In effect, what kind of speech might be restricted is agnostic to media. Furthermore, when it may be restricted (i.e., the 19(2)) principles, and the relationship of proximity) is also impervious to the difference in media. The only place where this difference might be relevant is where the medium itself allows for certain kinds of offences (such as spam, or phishing) that were not possible before, and in such circumstances, the State may frame a law, which will nonetheless be tested on the anvil of Article 19(2).
This raises the following question: in K.A. Abbas, the Court held pre-censorship to be valid in the case of cinema on the ground that films had a much more striking impact upon the average “illiterate” Indian viewer. In other words, the difference in medium was held to justify a difference in the form of the restriction – in particular, doing away with the proximity test, or at least, diluting it to an unrecognisable degree. The logic of Justice Nariman’s judgment, I would suggest, knocks the bottom out of the prior-restraint regime of film-censorship. It is not as if films permit the commission some specific kinds of offences that were not possible before (unlike the internet). In fact, the Court’s reasoning in K.A. Abbas was specifically based on an (unproven) assumption of how an “illiterate” audience reacts differently to the written word and the visual image. Cases after K.A. Abbas (such as Anand Patwardhan’s Case) have rejected the “illiterate Indian trope”, thus undermining the foundations of that holding. The 66A judgment, however, rejects that form of reasoning entirely.
Constitutionally, what follows? I would suggest the following. Ever since Ram Manohar Lohia, there has been a gradual, incremental chipping away at the philosophical foundations of some of our most regressive, speech-restricting laws. Consider the following:
(a) Ramji Lal Modi upheld 295A on the ground that proximity was irrelevant, specifically rejected an over-breadth argument, and held that deliberate insults to religion had a “calculated tendency” to cause public disorder.
(b) Kedar Nath Singh upheld sedition (124A) on the ground that disaffection against the government had the “tendency” to public disorder.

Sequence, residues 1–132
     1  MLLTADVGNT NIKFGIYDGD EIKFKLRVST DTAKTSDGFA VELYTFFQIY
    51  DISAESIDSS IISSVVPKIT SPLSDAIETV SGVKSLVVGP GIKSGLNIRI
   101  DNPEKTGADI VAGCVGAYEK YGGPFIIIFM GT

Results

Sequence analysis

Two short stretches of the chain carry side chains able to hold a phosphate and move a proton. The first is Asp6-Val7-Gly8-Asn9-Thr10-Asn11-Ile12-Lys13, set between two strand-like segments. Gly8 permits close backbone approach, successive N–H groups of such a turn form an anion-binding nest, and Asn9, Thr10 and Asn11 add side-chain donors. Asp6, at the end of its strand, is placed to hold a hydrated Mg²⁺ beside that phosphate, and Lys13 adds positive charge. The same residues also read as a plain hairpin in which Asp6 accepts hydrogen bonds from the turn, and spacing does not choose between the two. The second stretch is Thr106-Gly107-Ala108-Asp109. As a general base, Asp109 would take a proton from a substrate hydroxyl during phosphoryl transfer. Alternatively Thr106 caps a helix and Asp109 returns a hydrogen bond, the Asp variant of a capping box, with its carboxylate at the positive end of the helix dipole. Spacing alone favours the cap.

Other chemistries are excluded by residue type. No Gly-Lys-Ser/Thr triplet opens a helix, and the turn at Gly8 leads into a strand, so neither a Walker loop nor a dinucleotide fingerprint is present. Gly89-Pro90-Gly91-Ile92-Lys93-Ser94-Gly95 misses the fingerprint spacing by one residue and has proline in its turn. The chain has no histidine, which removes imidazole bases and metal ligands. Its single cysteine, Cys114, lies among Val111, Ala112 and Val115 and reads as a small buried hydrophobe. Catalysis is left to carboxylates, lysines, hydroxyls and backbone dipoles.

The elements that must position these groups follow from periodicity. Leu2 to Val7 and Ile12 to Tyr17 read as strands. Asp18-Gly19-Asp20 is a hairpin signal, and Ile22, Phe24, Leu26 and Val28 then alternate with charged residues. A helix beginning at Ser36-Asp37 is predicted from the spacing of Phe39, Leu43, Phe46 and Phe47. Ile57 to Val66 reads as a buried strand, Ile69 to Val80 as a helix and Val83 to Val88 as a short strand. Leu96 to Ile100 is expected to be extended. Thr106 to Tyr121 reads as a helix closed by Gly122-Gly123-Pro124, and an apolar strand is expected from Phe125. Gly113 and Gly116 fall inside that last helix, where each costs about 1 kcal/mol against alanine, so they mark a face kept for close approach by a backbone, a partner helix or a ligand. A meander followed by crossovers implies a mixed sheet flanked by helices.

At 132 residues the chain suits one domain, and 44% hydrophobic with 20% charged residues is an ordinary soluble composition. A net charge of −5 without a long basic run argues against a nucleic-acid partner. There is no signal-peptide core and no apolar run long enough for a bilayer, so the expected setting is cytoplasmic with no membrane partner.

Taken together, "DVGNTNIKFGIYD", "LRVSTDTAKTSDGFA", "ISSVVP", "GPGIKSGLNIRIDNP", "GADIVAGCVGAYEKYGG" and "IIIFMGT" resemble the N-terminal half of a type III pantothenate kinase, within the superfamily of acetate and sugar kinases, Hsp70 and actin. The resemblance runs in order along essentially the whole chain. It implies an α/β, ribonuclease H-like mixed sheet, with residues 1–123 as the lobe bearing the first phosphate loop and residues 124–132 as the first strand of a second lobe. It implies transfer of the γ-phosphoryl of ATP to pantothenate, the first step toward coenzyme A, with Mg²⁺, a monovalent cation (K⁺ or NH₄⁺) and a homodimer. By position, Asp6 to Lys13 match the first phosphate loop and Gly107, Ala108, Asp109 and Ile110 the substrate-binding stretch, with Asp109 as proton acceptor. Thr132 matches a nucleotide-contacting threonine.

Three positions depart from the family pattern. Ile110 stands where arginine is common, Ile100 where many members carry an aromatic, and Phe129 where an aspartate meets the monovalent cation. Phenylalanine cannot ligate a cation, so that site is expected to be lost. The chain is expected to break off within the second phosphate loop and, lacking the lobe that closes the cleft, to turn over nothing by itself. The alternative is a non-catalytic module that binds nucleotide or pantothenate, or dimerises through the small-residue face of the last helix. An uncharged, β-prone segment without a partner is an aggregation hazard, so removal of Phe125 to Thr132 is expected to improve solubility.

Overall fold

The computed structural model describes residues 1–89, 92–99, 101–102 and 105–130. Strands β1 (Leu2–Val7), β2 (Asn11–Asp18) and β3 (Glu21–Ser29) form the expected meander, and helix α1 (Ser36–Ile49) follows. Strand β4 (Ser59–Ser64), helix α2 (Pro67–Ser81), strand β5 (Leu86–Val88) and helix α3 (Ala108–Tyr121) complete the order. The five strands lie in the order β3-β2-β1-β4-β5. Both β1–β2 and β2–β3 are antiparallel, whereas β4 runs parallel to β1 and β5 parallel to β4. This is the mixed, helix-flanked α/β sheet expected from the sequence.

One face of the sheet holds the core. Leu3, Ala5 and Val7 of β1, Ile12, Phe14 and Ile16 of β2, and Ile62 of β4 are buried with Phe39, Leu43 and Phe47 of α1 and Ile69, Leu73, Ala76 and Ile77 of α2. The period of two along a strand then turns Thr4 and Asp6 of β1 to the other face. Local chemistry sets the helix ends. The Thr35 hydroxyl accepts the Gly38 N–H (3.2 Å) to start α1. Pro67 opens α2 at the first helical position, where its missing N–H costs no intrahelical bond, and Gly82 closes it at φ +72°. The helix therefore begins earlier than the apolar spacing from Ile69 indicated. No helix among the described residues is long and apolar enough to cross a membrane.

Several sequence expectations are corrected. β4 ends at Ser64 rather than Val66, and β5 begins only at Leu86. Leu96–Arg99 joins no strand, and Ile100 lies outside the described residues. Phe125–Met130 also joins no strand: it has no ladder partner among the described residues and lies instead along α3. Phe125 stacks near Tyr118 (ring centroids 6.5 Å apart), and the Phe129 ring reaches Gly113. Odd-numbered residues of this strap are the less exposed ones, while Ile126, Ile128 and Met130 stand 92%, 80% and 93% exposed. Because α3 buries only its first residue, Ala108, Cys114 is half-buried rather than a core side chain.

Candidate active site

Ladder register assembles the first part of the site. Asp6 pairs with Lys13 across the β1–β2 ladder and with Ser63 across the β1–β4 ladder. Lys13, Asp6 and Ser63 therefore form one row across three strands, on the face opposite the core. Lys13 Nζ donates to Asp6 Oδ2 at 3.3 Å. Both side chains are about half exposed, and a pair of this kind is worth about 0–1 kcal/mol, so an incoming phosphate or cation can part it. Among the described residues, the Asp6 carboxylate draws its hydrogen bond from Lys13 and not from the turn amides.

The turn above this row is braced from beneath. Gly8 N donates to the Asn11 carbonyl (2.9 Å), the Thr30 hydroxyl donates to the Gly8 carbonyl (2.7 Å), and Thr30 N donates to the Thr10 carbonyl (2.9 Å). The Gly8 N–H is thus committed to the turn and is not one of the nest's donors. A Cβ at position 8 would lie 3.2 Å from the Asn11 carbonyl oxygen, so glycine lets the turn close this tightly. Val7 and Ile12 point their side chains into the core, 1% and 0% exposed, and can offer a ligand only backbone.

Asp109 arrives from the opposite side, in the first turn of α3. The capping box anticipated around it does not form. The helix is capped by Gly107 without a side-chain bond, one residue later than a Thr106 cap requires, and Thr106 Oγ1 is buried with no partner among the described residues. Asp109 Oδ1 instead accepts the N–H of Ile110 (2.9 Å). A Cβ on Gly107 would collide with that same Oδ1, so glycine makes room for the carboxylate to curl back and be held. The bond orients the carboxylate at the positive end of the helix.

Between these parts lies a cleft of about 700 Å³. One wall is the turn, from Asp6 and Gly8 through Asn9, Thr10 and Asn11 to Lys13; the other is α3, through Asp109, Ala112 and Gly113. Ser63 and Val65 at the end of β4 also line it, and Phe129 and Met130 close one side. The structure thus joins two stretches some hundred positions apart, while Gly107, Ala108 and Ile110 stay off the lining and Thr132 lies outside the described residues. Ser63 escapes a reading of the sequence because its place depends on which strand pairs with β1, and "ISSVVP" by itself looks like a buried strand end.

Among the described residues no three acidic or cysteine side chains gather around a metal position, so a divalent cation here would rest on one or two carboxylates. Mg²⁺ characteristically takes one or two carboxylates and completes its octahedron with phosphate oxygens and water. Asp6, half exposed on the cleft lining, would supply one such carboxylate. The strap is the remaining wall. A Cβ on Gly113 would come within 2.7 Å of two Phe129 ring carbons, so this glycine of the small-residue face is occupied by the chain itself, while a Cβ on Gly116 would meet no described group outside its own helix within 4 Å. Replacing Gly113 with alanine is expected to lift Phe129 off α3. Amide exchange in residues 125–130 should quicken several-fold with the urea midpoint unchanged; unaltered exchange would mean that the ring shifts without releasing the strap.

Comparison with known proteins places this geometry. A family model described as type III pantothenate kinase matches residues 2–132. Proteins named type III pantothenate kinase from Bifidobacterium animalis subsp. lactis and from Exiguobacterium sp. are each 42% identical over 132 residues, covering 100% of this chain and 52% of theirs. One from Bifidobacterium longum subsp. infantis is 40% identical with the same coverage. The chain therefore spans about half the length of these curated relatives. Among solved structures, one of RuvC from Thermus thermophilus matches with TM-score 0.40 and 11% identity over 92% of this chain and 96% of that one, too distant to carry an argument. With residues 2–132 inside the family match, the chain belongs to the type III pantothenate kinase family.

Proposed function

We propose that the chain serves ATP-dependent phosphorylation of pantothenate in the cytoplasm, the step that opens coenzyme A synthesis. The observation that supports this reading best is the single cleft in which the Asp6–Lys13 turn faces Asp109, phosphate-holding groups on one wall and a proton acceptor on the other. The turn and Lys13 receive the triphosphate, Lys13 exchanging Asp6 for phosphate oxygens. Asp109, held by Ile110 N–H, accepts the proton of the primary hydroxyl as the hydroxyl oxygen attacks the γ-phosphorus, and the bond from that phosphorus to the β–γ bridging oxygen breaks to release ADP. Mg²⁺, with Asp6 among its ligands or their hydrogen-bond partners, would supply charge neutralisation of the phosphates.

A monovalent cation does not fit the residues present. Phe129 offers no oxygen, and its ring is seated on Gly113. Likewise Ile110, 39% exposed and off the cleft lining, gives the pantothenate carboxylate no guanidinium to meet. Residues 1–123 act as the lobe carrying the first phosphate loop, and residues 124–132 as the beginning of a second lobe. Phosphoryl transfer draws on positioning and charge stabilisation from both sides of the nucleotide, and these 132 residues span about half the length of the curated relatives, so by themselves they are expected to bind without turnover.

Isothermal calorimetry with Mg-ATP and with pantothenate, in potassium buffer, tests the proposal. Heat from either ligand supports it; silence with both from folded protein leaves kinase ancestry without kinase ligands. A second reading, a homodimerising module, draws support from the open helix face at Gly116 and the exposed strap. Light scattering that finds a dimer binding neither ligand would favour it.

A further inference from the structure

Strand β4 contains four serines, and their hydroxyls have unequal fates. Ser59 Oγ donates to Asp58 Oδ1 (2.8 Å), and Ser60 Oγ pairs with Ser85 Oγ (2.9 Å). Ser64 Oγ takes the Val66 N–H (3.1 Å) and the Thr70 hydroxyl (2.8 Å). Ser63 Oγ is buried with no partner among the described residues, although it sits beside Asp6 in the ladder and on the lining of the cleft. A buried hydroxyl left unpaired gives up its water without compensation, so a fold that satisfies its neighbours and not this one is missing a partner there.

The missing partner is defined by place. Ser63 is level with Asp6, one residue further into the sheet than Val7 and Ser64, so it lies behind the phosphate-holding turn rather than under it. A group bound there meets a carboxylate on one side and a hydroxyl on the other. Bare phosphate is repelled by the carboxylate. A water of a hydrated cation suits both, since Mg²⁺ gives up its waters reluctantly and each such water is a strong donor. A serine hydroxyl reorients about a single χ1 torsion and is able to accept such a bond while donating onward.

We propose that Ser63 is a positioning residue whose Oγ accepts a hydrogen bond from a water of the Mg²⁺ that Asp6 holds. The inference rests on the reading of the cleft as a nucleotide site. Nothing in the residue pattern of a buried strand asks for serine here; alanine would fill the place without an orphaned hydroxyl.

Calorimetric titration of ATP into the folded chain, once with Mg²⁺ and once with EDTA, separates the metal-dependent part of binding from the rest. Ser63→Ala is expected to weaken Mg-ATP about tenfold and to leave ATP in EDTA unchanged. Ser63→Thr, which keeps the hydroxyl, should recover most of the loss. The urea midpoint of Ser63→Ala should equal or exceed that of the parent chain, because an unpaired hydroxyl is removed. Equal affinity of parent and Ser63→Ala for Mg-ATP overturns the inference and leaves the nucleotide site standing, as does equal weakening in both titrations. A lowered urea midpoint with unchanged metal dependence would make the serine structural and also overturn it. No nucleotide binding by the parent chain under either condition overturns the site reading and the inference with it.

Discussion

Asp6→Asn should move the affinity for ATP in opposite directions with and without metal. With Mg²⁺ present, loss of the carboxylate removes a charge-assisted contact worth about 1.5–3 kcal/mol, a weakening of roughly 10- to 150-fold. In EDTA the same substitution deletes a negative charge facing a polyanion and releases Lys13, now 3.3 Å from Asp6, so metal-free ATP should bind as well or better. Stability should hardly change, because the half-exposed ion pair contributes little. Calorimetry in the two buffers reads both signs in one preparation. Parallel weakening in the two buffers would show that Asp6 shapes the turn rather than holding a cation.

(c) K.A. Abbas upheld pre-censorship of films on the ground of how the medium differently affects viewers; it rejected a challenge to the Censorship Guidelines on the ground of vagueness, and did not even consider an over-breadth argument.
(d) Contempt of court judgments (unfortunately, rather consistently) have held that certain forms of criticism against the court have a “tendency” to undermine justice.
(e) Apart from Rajagopal’s Case, which is limited to public officials, the Supreme Court is yet to examine defamation law on the touchstone of Article 19(1)(a), and a criminal law of defamation continues to exist on the statute books. In countries such as the US, Canada, South Africa, and England, the “chilling effect” of the common law of defamation (strict liability) has been expressly invoked to limit its reach, and its propensity to be used as a tool of harassing journalists and investigative reporters.
At the same time, however:
(a) Ram Manohar Lohia, S. Rangarajan and Arup Bhuyan (the latter two coming after Modi and Kedar Nath Singh) have insisted on a proximity requirement between speech and disorder.
(b) Chintaman Rao and Kameshwar Prasad have struck down statutes on over-breadth grounds (while not directly invoking the concept).
(c) Rajagopal’s case has incorporated the Sullivan rule to protect writers from civil defamation claims brought by public officials, and indirectly invoked the chilling effect.
This latter group of judgments, it is clear, have indirectly, implicitly undermined the foundations of the former. The 66A judgment makes it direct and explicit. Proximity, over-breadth, vagueness and the chilling effect are all expressly invoked to strike down a statute. They have been specifically incorporated into Indian free speech jurisprudence, and may be invoked in future free speech claims.
So perhaps, at long last, the time has come to rethink fifty-year old judgments upholding blasphemy and sedition laws, rethink criminal defamation, throw off the oppressive fetters of civil defamation and contempt of court, and attack the censorship guidelines of both cinema and cable TV.
This judgment lays the constitutional, legal and philosophical terrain to do all of that. It creates the ground upon which we can erect a progressive, liberal understanding of free speech, based upon a vision of individuals as responsible and autonomous beings, who do not need “protection” from moral corruption, and who do not need a paternalistic State or court telling them what they need to read, see or here. Individuals, one and all, worthy of dignity and equal concern and respect.
This is the first judgment since 1960 that unequivocally affirms every one of those propositions.
It is the judgment that has given Indian free speech law its soul back.